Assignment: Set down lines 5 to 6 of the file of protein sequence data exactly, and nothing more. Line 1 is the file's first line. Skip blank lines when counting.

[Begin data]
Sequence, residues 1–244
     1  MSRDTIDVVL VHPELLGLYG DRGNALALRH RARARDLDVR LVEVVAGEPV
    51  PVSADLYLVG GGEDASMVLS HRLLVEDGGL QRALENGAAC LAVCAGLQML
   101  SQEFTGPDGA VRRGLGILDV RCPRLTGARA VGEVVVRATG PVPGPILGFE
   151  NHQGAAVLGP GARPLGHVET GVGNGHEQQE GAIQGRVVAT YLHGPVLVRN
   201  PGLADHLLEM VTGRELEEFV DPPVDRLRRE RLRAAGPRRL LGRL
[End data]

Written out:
   151  NHQGAAVLGP GARPLGHVET GVGNGHEQQE GAIQGRVVAT YLHGPVLVRN
   201  PGLADHLLEM VTGRELEEFV DPPVDRLRRE RLRAAGPRRL LGRL